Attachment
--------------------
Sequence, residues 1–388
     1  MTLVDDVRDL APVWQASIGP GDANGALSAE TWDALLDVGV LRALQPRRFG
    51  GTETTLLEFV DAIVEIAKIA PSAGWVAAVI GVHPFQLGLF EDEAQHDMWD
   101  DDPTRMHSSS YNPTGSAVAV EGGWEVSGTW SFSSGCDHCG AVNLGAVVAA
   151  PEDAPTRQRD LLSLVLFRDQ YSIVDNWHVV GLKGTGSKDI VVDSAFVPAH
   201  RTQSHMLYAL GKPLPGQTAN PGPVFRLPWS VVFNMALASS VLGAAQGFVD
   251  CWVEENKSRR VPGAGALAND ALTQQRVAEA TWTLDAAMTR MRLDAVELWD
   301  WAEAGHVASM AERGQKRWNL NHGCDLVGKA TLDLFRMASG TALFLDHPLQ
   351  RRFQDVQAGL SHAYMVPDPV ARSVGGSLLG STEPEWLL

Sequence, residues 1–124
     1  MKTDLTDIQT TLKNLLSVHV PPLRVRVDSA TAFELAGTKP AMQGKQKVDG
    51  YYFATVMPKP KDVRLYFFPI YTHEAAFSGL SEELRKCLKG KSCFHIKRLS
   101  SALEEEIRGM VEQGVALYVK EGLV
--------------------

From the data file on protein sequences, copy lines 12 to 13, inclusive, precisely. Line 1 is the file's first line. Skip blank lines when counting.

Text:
    51  YYFATVMPKP KDVRLYFFPI YTHEAAFSGL SEELRKCLKG KSCFHIKRLS
   101  SALEEEIRGM VEQGVALYVK EGLV